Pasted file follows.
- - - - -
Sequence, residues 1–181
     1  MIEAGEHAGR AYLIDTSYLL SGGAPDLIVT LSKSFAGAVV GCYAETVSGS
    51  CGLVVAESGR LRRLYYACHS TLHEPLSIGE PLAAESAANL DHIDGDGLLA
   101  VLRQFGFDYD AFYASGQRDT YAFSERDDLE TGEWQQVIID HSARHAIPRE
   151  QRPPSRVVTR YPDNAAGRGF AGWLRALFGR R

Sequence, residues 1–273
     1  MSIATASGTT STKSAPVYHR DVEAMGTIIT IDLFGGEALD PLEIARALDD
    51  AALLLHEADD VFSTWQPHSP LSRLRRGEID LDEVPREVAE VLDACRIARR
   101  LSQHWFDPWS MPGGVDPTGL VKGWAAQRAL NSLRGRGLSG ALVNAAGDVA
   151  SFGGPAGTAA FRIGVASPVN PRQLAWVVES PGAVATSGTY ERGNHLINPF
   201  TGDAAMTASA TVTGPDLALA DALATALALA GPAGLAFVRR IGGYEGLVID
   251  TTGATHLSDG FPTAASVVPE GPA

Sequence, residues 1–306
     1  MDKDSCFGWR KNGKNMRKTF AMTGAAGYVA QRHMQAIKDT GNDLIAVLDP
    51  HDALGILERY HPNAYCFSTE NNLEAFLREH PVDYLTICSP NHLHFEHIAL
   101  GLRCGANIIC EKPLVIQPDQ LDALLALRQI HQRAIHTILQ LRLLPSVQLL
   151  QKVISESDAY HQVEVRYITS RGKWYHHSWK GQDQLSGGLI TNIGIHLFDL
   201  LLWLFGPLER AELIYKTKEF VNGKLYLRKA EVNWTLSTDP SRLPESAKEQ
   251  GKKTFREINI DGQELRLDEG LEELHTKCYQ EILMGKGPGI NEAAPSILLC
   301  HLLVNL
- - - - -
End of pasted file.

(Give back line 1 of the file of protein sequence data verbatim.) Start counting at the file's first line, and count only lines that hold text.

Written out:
Sequence, residues 1–181